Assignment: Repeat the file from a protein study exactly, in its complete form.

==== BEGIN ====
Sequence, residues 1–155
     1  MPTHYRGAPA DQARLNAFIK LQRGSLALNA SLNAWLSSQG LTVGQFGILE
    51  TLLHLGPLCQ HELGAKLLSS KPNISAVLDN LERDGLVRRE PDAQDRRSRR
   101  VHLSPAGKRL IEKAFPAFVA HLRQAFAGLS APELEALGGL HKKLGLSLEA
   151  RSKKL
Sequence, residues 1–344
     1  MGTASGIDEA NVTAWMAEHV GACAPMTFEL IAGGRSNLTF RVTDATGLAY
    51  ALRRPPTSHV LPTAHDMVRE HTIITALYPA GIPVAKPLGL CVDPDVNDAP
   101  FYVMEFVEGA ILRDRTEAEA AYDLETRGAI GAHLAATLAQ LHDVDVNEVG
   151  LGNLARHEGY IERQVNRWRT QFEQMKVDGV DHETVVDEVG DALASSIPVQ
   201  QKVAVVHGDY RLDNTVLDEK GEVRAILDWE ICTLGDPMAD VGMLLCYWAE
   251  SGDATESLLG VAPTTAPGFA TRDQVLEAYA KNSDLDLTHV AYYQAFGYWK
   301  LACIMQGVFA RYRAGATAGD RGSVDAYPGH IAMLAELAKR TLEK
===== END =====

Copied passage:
Sequence, residues 1–155
     1  MPTHYRGAPA DQARLNAFIK LQRGSLALNA SLNAWLSSQG LTVGQFGILE
    51  TLLHLGPLCQ HELGAKLLSS KPNISAVLDN LERDGLVRRE PDAQDRRSRR
   101  VHLSPAGKRL IEKAFPAFVA HLRQAFAGLS APELEALGGL HKKLGLSLEA
   151  RSKKL
Sequence, residues 1–344
     1  MGTASGIDEA NVTAWMAEHV GACAPMTFEL IAGGRSNLTF RVTDATGLAY
    51  ALRRPPTSHV LPTAHDMVRE HTIITALYPA GIPVAKPLGL CVDPDVNDAP
   101  FYVMEFVEGA ILRDRTEAEA AYDLETRGAI GAHLAATLAQ LHDVDVNEVG
   151  LGNLARHEGY IERQVNRWRT QFEQMKVDGV DHETVVDEVG DALASSIPVQ
   201  QKVAVVHGDY RLDNTVLDEK GEVRAILDWE ICTLGDPMAD VGMLLCYWAE
   251  SGDATESLLG VAPTTAPGFA TRDQVLEAYA KNSDLDLTHV AYYQAFGYWK
   301  LACIMQGVFA RYRAGATAGD RGSVDAYPGH IAMLAELAKR TLEK